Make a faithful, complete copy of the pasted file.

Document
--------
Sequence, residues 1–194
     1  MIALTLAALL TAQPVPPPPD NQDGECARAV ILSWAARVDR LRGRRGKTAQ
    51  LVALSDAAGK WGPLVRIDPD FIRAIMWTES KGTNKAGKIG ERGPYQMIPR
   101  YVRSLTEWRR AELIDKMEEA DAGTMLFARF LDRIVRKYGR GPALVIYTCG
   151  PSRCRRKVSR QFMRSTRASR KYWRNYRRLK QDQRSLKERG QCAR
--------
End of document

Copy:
Sequence, residues 1–194
     1  MIALTLAALL TAQPVPPPPD NQDGECARAV ILSWAARVDR LRGRRGKTAQ
    51  LVALSDAAGK WGPLVRIDPD FIRAIMWTES KGTNKAGKIG ERGPYQMIPR
   101  YVRSLTEWRR AELIDKMEEA DAGTMLFARF LDRIVRKYGR GPALVIYTCG
   151  PSRCRRKVSR QFMRSTRASR KYWRNYRRLK QDQRSLKERG QCAR